Banking, Taxes, Pensions…
Owning a property in southern Spain is a dream for many people - and it's easy to see why. The laidback lifestyle, picturesque scenery, golden beaches and incomparable weather attract thousands of buyers each year. Life here is great, but of course there are less glamorous practicalities you'll need to consider – like organising your finances.
Fortunately, almost everything in southern Spain is cheaper than in the rest of northern Europe. And, although they might take a bit of getting used to, Spain's financial regulations, services and procedures are no more complicated than at home.
Take a look at our quick guide, and then you can get back to thinking about more important things – like the beach and where to enjoy lunch!
If you are buying a property in Spain, it makes sense to set up a Spanish bank account. You can do this as a resident or non-resident, and it's an extremely easy process. You will find all banks on the Costa del Sol have English speakers in their offices, and some also have staff either fluent or at least conversant in other languages.
The two main types of banks in Spain are commercial banks for current accounts, called “bancos”, and savings banks known as “cajas”, which are like UK building societies – although these days their respective services tend to coincide.
To open an account you will need your passport or residence card and an NIE number (your foreigners' identification number, which can be obtained easily from the nearest National Police station in Spain). See our legal advice pages for more information about setting up a bank account.
"If you are buying a property in Spain, it makes sense to set up a Spanish bank account"
Buy a property in Spain and you will have to pay taxes in some form. What you have to pay depends on your circumstances, but here's a simple guide…
Income tax – Impuesto sobre la renta de las personas físicas (IRPF)
- Non-resident: You will have to pay tax on any income from Spanish sources, such as rental income from your property or a summer job.
- Resident: If you spend 183 days or more in Spain per year, you will be classed as a resident. This means you will have to pay income tax in Spain on your total worldwide income.
Value added tax – Impuesto sobre el valar añadido (IVA)
Equivalent to UK VAT but at slightly lower rates… It is included in the price of most goods in shops.
Inheritance and gift tax – Impuesto sobre sucesiones y donaciones
It is hugely important to seek expert advice in order to take full advantage of all potential deductions.
Business tax – Impuesto sobre actividades económicas (IAE)
IAE must be paid by businesses, sole traders and the self-employed, but only if your annual turnover is more than €1 million. The government changed the law in 2003 to encourage the growth of small and medium-size businesses.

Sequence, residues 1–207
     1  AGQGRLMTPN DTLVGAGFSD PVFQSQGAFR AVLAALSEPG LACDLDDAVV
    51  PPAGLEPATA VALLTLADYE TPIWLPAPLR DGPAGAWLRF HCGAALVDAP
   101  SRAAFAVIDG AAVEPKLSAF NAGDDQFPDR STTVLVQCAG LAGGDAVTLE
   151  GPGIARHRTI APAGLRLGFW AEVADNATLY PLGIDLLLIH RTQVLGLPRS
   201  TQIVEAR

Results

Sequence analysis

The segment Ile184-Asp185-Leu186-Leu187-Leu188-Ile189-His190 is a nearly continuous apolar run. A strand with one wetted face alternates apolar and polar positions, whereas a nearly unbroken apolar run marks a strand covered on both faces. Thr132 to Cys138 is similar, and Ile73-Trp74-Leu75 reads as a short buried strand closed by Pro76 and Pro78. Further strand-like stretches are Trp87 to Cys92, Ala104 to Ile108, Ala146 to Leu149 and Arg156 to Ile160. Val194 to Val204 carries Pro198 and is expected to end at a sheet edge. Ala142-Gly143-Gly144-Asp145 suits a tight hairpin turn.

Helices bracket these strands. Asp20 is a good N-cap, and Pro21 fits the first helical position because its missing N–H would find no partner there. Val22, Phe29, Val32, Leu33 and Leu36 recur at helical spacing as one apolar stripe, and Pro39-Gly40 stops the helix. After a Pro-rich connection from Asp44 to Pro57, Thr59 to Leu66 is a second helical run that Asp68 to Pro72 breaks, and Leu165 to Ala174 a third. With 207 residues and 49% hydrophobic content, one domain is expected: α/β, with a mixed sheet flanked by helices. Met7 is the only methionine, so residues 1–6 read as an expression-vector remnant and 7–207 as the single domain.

Company or corporation tax – Impuesto sobre sociedades
The tax is paid on profits by partnerships and registered companies, and the rate depends on the type of business.
Various other taxes could affect you, depending on your circumstances. Seek financial advice if you are unsure.
Pensions and Claiming your UK Pension from Spain
You can claim your UK pension while living in Spain. If you haven't yet reached retirement age, you should ask the Pension Service's Retirement Pension and Forecasting Advice Unit for a pension forecast so that you know how much you will be entitled to.
You can contact them on 0845 300 0168 (inside the UK) or (+44) 191 225 4811 (outside the UK). There is also extensive information about claiming your UK pension abroad at: www.thepensionservice.gov.uk. Go to the International Pension Centre link and then choose Spain from the list of countries.
There is no problem having your UK pension paid to you in Spain. You just need to complete an E121 form, available from the Benefits Agency. In general, if you are a non-resident spending fewer than 183 days a year in Spain, your pension will be taxed in the UK. If you are a resident or a fiscal resident (i.e. spending more than 183 days a year in Spain), you will be taxed in Spain.
Government Service Pensions
The exception to this general rule is if you have a pension from government service. In these cases your pension remains liable only for UK tax.
UK State Pension
The UK state pension does not count as a government pension. It is tax-free in the UK but taxable in Spain if you are a resident or fiscal resident. It is paid to you in sterling but you can have it transferred to your euro bank account in Spain if you wish.
This can be complicated as the definition of an annuity is quite vague in Spain – so you will definitely need advice. In general you will find that your annuity is taxed pretty favourably in Spain.
Spanish State Pension
If you are employed or self-employed in Spain, your social security contributions go towards a state pension. As in the UK this might not be enough to live on, so it's best to make other provisions.
More information about pensions and retiring to Spain.